Category Archives: java

A Preference for Flexibility

I came upon this example in an otherwise very good book. One example tried to test a main method by passing arguments:

String[] args = new String[2];
args[0] = "param1";
args[1] = "param2";
MainApplication.main(args);

Whenever I write in this kind of code, I always prefer to create an array instead:

List<String> list = new ArrayList<String>();
list.add("param1");
list.add("param2");
MainApplication.main(list.toArray(new String[list.size()]);

It’s a bit more verbose, but I find it offers a lot more flexibility as adding new parameters is simply a matter of adding a new element to the list. In the first example, adding a new parameter requires two steps : 1) modify the size of the array and 2) initialize an element of the array to the desired value.

I do whatever I can to remove a step, as small as it seems.

Modifying all the indexes is also a lot less fun when you need to add an element at index 0. And of course you’ll eventually copy/paste one line of the array and forget to modify either the size of the array or the index.

Using a list is a small improvement but in the long run, small things make the code a lot more maintainable.

PS : a friend noted that if you already use Google Collections (now Guava), you can get even more elegant code with

list = Lists.newArrayList("param1", "param2")

Dear Java, Please Let Me Work

I had to read the content of a file for a ruby project. This is how I did it:

def read_file_content(filename)
  File.read(filename)
end

Simple enough, right?

Then for some reason I thought about how I would have to the same in Java:

public String readFileContent(String filename) {
  try {
    BufferedReader reader = new BufferedReader(new FileReader(filename));
    StringBuilder buffer = new StringBuilder();
    String line = null;
    while ((line = reader.readLine()) != null) {
      buffer.append(line);
    }
    return buffer.toString();
  } catch (IOException e) {
    return "";
  }
}

Need I really explain why I prefer Ruby these days? Even if you remove the try/catch clause and rethrow the exception, that’s still a lot of code compared to a single line of ruby. I am also aware that it is possible to write the same Java code in a single line using Apache’s commons-io (IOUtils.toString(InputStream) – but still, why are the base Java libraries so verbose for file manipulation?

I still like Java, but I’m impress by the compactness of Ruby. It just works as it should. Sometimes working in Java it seems I’m just smashing the keyboard instead of getting actual work done.

Java Brainteasers

I had lunch with a few colleagues yesterday and we started talking about obscure stuff. Among other things we talked about:

  • the initial default size of a hashmap, which is a power of 2 (16) in HashMap but a prime number (11) in Hashtable in java 1.6 (possible explanation, see the ‘Tip’ section)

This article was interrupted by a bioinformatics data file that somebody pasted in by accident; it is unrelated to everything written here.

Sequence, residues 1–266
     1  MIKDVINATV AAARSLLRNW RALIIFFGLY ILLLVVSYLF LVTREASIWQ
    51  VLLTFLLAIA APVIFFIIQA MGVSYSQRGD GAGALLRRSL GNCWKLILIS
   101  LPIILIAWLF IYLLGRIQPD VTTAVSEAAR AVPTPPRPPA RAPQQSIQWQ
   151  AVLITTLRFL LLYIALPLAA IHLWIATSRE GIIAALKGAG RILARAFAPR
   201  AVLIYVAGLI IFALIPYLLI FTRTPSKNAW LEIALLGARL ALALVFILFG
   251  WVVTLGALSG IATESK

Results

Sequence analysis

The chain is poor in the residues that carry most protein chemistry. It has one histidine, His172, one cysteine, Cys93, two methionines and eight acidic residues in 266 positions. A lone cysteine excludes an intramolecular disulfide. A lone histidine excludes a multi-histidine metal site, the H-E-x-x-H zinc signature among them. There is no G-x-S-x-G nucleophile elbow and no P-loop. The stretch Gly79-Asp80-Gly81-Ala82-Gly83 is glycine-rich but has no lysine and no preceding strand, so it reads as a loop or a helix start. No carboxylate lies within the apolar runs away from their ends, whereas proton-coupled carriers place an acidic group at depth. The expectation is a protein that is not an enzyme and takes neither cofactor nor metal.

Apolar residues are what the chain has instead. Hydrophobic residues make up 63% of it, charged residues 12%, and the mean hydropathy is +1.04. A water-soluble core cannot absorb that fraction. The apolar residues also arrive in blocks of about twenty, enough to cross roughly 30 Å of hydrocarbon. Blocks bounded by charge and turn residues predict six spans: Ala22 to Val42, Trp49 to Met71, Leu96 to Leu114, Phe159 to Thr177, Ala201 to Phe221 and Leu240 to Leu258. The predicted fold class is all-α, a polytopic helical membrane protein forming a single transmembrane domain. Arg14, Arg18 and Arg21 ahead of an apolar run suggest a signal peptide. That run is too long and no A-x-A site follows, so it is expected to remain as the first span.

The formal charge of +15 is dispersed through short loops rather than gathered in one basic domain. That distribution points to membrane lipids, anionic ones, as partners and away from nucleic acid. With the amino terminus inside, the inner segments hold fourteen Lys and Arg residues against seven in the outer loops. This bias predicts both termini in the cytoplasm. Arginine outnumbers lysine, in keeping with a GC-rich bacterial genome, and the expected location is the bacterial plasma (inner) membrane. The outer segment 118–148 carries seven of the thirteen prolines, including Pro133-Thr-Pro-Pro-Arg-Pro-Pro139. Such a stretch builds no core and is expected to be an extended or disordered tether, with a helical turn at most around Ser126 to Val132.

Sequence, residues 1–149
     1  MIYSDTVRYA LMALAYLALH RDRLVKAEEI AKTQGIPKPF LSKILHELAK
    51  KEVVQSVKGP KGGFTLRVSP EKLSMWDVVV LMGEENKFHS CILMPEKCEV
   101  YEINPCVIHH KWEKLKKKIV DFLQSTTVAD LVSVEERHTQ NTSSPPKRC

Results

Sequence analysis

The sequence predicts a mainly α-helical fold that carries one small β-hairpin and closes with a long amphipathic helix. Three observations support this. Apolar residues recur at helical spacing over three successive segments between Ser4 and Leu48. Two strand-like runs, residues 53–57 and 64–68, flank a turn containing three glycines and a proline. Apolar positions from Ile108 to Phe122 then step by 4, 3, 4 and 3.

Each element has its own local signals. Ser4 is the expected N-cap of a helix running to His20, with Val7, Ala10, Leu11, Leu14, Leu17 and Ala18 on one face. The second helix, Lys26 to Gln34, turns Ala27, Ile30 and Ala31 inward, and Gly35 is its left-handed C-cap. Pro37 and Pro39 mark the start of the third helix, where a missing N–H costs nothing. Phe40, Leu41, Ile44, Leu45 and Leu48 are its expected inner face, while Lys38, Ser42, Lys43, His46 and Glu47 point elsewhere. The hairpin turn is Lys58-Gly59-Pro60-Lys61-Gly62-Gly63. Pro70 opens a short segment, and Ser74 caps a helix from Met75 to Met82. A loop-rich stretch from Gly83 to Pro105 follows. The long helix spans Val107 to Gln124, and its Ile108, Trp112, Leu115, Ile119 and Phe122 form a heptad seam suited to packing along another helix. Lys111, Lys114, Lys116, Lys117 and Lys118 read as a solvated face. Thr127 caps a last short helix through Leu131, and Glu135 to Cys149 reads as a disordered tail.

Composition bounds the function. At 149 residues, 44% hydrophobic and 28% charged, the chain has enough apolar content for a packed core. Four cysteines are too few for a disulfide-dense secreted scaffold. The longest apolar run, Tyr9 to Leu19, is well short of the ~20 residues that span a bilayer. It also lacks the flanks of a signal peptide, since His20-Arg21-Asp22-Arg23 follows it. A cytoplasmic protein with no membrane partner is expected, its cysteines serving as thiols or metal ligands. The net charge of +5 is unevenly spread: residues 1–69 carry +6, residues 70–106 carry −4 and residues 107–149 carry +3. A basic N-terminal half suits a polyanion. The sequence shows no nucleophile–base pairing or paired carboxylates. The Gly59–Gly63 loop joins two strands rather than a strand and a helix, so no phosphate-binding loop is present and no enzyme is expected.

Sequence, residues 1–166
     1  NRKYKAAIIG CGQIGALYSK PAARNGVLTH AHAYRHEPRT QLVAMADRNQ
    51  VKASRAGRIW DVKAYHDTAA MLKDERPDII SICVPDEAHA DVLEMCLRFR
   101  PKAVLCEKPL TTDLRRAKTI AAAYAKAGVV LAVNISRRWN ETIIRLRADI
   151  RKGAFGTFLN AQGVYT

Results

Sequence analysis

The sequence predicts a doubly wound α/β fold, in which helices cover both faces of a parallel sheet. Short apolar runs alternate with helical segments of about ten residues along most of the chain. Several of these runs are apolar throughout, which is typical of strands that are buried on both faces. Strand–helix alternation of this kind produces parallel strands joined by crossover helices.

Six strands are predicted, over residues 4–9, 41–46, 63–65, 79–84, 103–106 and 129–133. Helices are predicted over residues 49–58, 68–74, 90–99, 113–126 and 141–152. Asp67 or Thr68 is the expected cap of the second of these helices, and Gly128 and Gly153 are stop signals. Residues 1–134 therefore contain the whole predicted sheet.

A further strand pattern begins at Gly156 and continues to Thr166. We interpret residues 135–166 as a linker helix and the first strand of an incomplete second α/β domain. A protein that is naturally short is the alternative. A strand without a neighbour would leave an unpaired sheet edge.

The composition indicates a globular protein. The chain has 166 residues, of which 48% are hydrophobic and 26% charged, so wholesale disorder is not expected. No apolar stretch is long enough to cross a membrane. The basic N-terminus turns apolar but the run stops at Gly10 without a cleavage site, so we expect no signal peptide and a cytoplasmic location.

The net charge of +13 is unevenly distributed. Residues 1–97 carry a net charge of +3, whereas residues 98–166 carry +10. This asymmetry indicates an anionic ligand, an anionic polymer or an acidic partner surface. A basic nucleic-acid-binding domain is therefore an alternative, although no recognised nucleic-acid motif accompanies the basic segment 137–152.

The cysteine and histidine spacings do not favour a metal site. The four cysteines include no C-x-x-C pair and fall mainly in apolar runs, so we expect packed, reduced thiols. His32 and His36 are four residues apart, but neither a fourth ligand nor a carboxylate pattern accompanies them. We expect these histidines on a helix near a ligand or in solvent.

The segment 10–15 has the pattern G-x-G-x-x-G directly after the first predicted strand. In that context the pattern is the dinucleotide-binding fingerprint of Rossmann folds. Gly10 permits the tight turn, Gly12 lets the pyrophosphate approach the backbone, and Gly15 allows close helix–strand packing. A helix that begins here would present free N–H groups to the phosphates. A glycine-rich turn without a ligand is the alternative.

• the strictfp keyword, which can be used to ensure that floating point numbers behave the same on all hardware.
  • the volatile keyword, which seems to have a slightly different behavior since 1.5. I did not find anything from Sun about this, but I found some references indicating that something might actually have changed… Basically it seems that writing to a volatile variable synchronizes all cached copies of variables with the main memory, not just the volatile variable itself. I must admit this one was totally new to me.

Anyway that reminded me about Java Puzzlers, a book about obscure features of Java in the form of puzzles. I decided to go through the book again to see if I would gain anything. Although many puzzles show how things can go hairy while using really bad code, a few bits of knowledge can always be useful. Here is a few of the things I learned (or re-learned) while skimming through the book:

Weird behavior of Math.abs
The absolute value is not always positive!
Math.abs(Integer.MIN_VALUE) == Integer.MIN_VALUE

Unicode considered evil (at least problematic in comments)
Unicode characters in comments can cause problems. Consider the following comment:
/*
Test files are located in \utest\samples
*/

The file will not compile because the java compiler tries to convert \utest to a Unicode character (I saw this in a real project once)

Escape regex
I learned that Pattern.quote() can be used to automatically escape a literal string as a regular expression.
System.out.println(Pattern.quote(".")) will print \Q.\E

This method was added in Java 5.

Recursive array printing
I also learned about the Array.deepToString() method, which can output the content of multi-dimensional arrays. This method was also added in 1.5.
int[][] array = new int[][] {{1, 2, 3}, {4, 5}};

System.out.println(array); => [[I@1ad086a
System.out.println(Arrays.deepToString(array)); => [[1, 2, 3], [4, 5]]

Ternary operator madness
And finally the behavior of the ternary operator (? :) was changed in 1.5. Consider the following statement:
boolean b = true; // or false, doesn't matter
List list = b ? new ArrayList() : new Vector();

In 1.5, the code compiles fine.
In 1.4, I get an error ‘Incompatible conditional operand types ArrayList and Vector‘.
Before 1.5, both values returned by the ternary operator must have a shared ancestor other than Object. In 1.5 the requirement was relaxed – any common ancestor is fine, and since all classes inherit from Object you can return two completely unrelated classes.

Now why would you want to do something like this?
Object o = b ? new ArrayList() : new JButton();

Don’t ask me, I’m just the messenger…